By using PLM as a single source of truth across all product categories and business units, multi-category retailers can streamline product development processes and pathways, gain clarity around the development roles for each product, and enable opportunities to centralize shared services. With one system to license, maintain, and support, retailers will save money on the initial implementation and on-going costs. Plus, it is easier for one system to integrate with enterprise systems such as ERP.
Start on the Right Foot for Your PLM Journey
For multi-category retailers, it can sometimes feel that categories are more different than alike. And since every business is different, every solution is different. There’s no one-size-fits-all answer. But the goal is the same – higher productivity, aggregation of materials and components, reusability of product data, improved margins, reduced cycle time and more efficient vendor collaboration – across the entire organization.
Practical First Steps:
Perform an assessment to benchmark yourself against industry standards
Prioritize the requirements that are most important for your business
Develop a PLM roadmap
The careful analysis of business processes required can seem daunting, but the investment is worth it. While there may be activities across all of the product categories that exist for some or don’t exist for others, and while there may be different roles that exist across the different categories, retailers can streamline common processes across the business and successfully roll them into a shared solution supported by a single PLM system. When proper alignment and harmonization techniques are used to help choose the most appropriate PLM solution, a common solution really can support product development requirements across apparel, footwear and hard goods development teams. And during the process of defining the enterprise wide PLM vision and solution, both teams can learn from one another and even optimize their ways of working towards the greater good.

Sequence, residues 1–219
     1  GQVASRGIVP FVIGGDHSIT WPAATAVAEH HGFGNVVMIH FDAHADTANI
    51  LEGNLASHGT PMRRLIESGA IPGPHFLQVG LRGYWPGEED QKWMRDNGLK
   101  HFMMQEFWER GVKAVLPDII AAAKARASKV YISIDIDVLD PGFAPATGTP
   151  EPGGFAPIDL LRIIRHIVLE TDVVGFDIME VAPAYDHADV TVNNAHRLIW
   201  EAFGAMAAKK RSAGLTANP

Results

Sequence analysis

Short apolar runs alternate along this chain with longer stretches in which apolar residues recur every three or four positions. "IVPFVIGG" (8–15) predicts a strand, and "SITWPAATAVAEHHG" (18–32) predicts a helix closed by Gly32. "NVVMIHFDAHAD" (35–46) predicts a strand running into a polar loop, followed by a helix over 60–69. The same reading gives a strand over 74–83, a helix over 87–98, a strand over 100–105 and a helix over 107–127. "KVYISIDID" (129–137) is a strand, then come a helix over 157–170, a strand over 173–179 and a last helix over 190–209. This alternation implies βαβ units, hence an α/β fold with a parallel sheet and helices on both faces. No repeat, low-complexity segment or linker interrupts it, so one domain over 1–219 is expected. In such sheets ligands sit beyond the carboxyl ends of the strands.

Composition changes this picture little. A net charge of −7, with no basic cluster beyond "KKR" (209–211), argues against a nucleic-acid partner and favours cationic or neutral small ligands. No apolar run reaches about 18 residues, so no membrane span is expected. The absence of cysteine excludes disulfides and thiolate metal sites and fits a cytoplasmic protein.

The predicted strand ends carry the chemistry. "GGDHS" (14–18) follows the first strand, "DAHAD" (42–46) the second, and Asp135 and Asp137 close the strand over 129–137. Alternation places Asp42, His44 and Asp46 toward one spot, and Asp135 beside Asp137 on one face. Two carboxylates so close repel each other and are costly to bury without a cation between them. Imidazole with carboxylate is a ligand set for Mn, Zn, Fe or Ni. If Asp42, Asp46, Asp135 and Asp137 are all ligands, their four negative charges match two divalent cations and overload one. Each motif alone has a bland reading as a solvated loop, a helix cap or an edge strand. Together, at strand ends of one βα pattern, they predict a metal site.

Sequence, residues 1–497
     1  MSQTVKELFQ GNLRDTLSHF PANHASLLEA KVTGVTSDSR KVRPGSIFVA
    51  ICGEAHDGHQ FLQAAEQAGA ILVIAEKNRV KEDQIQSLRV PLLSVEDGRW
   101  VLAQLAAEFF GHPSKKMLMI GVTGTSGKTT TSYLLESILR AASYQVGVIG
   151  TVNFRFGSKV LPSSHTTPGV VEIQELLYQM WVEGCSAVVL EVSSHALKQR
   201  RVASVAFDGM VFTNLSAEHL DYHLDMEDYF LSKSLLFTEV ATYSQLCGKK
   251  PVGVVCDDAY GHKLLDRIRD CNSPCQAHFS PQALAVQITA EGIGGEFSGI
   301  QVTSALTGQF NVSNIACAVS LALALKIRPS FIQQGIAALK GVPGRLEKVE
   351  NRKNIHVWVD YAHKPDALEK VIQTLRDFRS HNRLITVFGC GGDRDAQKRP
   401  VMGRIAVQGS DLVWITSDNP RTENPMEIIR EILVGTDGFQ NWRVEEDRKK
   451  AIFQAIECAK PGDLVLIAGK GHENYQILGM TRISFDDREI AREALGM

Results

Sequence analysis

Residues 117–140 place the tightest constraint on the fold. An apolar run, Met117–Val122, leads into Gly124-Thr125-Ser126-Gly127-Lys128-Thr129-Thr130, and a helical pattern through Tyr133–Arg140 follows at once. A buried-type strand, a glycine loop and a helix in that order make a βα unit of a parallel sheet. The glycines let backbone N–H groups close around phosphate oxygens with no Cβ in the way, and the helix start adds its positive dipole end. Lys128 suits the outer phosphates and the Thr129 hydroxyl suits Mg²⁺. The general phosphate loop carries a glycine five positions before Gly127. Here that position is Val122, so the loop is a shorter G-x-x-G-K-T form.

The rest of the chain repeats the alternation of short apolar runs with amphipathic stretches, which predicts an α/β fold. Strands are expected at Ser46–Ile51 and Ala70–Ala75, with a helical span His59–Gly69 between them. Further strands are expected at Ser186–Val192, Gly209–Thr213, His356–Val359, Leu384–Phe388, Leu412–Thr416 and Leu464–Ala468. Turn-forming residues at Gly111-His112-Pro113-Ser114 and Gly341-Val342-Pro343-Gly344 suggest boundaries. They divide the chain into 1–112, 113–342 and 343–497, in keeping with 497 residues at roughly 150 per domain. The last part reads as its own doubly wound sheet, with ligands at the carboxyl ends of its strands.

Traci has significant leadership experience with change management, training and PLM configuration and implementation. She has planned and delivered end to end business transformation efforts around people and organizations, process and activities as well as tools and technology. Traci has over 20 years of industry and consulting experience driving business results by optimizing organizational structure, strategy and tools, primarily within the functions of merchandising, product development, sourcing and planning.
Vipin is a strategist, technologist, engineer, management consultant, industry solutions leader, and a thought-leader in business operations, technology and digital transformations. He has been leading large-scale transformational engagements involving technology, process and organizational change.